Wednesday, February 18, 2015

Recent Oil Train Explosion Underscores the Risks of Transporting Fossil Fuels by Rail

The crash of another oil train illustrates yet again why it is not safe to transport fossil fuels by rail. On Monday February 16 a train carrying more than 3 million gallons of Bakken crude oil derailed near Mount Carbon, West Virginia resulting in a massive explosion and ongoing fire. The wreck forced the evacuation of two towns and threatens the local water supply. At least one rail car is known to have fallen into the Kanawha River.

West Virginia is no stranger to fossil fuel disasters. There was an oil train wreck in Lynchburg Virginia last year and several recent coal industry related spills. The Mount Carbon oil train disaster was just 30 miles from the site of a coal industry spill that leaked 10,000 gallons of the chemical MCHM into the Elk River.

The West Virginia accident is the second major derailment in three days in North America. On Valentines Day a CNR train detailed, exploded and spilled in northern Ontario. All of these oil train disasters take place in the context of the tragic destruction of the town of Lac Megantic in Quebec. The 2013 inferno killed 47 people and decimated the small town.

These are but a few of the many oil trains explosions in the last couple of years others have occurred in North Dakota, Alabama, and New Brunswick, and Alberta.

The U.S. Department of Transportation has proposed new rules for improving rail safety standards including upgraded train tank cars.  However, the dangers of oil trains may not be so easily addressed by replacing the old DOT-11 tanker cars. The recent oil train explosions have occurred using the new upgraded CPC 1232 tanker cars.

When we review the data over the last five decades a troubling picture emerges. More oil has been spilled from oil trains in the last couple of years than in the previous half century. Both the amount of oil being shipped by rail and the resultant damage appear to be trending in a disturbing direction. As of May 2014, train wrecks caused $10 million in damage, that is almost three times the costs of 2013.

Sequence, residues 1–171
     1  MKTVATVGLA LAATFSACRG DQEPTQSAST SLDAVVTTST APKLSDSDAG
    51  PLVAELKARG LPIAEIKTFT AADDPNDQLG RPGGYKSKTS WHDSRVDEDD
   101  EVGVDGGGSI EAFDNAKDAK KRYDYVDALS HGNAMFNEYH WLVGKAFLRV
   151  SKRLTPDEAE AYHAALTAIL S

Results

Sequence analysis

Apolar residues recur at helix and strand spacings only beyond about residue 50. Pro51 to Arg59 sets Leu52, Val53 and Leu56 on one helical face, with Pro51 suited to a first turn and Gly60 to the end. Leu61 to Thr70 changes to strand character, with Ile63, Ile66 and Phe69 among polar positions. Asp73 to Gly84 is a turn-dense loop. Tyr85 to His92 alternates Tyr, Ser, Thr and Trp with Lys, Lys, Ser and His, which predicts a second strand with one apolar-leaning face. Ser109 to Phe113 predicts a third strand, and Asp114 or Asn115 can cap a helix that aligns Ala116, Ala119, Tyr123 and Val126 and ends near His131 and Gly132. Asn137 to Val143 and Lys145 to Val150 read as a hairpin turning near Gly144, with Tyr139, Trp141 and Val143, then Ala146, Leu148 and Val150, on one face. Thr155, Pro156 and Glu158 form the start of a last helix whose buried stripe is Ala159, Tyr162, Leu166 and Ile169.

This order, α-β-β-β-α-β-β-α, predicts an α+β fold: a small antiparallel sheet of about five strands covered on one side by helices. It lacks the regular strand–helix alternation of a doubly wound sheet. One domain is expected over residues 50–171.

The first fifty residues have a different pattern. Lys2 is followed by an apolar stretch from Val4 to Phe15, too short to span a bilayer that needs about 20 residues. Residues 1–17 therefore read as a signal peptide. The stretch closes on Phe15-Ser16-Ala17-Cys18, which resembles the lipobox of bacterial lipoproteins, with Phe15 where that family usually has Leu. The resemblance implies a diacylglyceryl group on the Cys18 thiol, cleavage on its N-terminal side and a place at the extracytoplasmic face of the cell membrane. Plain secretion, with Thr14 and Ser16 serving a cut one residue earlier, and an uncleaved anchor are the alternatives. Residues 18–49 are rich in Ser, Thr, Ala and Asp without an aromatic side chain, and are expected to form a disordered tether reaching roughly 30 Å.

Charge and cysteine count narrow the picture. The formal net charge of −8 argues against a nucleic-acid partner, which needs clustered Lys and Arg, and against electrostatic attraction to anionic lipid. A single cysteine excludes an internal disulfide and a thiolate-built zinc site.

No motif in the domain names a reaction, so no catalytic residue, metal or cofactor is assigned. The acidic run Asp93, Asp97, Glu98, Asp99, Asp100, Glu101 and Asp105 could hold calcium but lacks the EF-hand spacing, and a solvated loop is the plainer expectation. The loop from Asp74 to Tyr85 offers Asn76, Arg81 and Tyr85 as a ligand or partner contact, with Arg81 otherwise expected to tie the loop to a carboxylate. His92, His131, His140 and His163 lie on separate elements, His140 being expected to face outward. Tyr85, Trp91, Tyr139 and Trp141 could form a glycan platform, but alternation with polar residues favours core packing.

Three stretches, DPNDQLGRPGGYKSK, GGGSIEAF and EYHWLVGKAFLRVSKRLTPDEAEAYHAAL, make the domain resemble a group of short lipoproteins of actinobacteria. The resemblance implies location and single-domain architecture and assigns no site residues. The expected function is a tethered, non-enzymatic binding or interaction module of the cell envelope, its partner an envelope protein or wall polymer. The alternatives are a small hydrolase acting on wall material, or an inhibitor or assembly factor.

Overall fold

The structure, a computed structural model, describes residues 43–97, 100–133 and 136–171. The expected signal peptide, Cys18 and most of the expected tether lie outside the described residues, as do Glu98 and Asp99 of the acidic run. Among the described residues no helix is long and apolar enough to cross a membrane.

In 2008 there were 9,500 rail-carloads of crude moved through the US. In 2013 that number climbed to 415,000 rail-carloads. From 1975 to 2012, US railroads spilled a combined 800,000 gallons of crude oil. In 2013 alone more than 1.15 million gallons of crude oil were spilled. At any given moment there are now almost 10 million barrels of oil moving on rail lines in North America.

In addition to being a serious material risk, runaway oil trains are a metaphor for our current climate trajectory. This view is expressed in a report titled Runaway Train: The Reckless Expansion of Crude By Rail in North America.

"Our analysis shows just how out of control the oil industry is in North America today. Regulators are unable to keep up with the industry’s expansion-at-any-cost mentality, and public safety is playing second fiddle to industry profits,” said Lorne Stockman, Research Director of Oil Change International and author of the report. “This is what the 'All of the Above Energy Strategy' looks like – a runaway train headed straight for North American communities.”

The report states that the amount of oil transported by rail is expected to significantly increase. "If all the operating, expanding, under construction, and planned terminals were utilized to full capacity, it would entail some 675 trains with 100 cars each, carrying a total of around 45 million barrels of oil through North American communities every day."

The increased oil train traffic make it is a statistical certainty that these trains are going to keep exploding at an accelerating rate. It is a simple matter of actuarial math, the more oil we ship by rail the more risks we entertain. This augurs the question, how many train wrecks will it take before we realize that transporting oil by rail is not safe?. 

The spate of oil train disasters suggest that we need to see an end to oil trains. However, this should not be interpreted as support for transporting oil by pipe. As evidenced by a review of Alberta oil spills and explosions, pipelines are also dangerous.

The fact is that there is no safe way to transport oil. These oil train wrecks should be taken as yet another reason why we need to radically reduce our dependence on fossil fuels and increase our reliance on safe and clean renewable energy.

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